Edmund White on Susan Sontag

Edmund White remembers Susan Sontag, who passed away in 2004:
Susan Sontag
Susan Sontag was one of the last public intellectuals in America. Though she sometimes taught, she hated teaching. Unlike an academic, her interests were far-ranging. She wrote about the movies, about such key French writers as Roland Barthes and Antonin Artaud, about photography, about cancer, about Aids, about fascism – and she wrote two big, ambitious novels towards the end of her life. She wrote plays and directed some, directed movies, appeared on endless panels discussing countless topics. When Elias Canetti won the Nobel prize, Susan's was the only essay about him in English. She was the first one I knew to mention WG Sebald, Danilo Kiš and Roberto Bolaño – all considered major literary figures now.

Sontag also took unpopular political positions. On 6 February 1982 she delivered a speech at Town Hall in New York in which she denounced communism as a form of fascism, which enraged the left. After 9/11 she offended everyone by writing in the New Yorker that it was foolish to describe the suicide pilots who flew into the World Trade Centre as "cowards".

Since her death several people who knew her have written disobliging portraits of her. I tried to make mine in City Boy even-handed but, like the other writers no doubt, I was surprised by the depth of my wounded and negative feelings. She could be high-handed and dismissive, probably the result of her being so famous throughout her life; for every old friend who fell by the wayside there were a hundred new candidates springing up in her path.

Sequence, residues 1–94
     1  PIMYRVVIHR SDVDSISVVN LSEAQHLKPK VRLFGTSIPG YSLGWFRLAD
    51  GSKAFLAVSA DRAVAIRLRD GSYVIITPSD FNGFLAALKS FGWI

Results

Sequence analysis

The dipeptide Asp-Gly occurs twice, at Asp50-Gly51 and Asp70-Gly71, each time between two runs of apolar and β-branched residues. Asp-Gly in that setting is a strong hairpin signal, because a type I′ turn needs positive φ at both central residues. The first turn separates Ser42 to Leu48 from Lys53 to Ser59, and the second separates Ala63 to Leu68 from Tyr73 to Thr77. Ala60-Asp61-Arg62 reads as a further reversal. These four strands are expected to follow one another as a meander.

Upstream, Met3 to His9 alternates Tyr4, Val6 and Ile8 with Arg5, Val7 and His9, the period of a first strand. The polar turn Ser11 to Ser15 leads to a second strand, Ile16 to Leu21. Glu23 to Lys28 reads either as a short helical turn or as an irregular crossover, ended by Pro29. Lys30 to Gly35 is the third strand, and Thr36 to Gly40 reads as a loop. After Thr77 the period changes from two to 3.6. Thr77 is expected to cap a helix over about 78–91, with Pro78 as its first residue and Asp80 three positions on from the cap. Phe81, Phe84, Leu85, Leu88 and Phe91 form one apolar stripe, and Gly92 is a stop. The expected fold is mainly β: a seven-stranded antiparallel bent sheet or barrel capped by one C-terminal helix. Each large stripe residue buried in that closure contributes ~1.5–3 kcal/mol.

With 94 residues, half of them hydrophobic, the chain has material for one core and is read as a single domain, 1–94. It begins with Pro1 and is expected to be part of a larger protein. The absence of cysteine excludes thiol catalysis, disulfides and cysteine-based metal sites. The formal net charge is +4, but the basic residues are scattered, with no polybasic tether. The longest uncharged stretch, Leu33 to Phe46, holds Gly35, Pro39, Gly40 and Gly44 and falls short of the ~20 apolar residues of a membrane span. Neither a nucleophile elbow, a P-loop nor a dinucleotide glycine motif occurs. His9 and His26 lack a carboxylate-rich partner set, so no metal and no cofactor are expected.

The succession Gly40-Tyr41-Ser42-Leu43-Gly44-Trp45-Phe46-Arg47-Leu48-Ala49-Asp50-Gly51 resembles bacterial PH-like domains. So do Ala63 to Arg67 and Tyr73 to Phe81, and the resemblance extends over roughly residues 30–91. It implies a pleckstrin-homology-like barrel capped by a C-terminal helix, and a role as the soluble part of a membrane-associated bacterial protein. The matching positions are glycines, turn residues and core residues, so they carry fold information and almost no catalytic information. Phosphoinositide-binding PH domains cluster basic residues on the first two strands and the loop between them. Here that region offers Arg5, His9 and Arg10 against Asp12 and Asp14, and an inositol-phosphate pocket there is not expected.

I once told her I wanted to write a biography of her called The Dandy and the Rabbi; she quickly substituted the word "Priest", since (like Proust) she preferred the "universality" of Catholicism to what she perceived as the singularity of Judaism. What I meant by the title was that when she was with moralists she'd become an aesthete, but when she was surrounded by aesthetes she'd take a high moral tone. Those did seem to be the opposing forces in her intellectual life – and they generated a fascinating discourse over many decades. She was irreplaceable and she won't be replaced.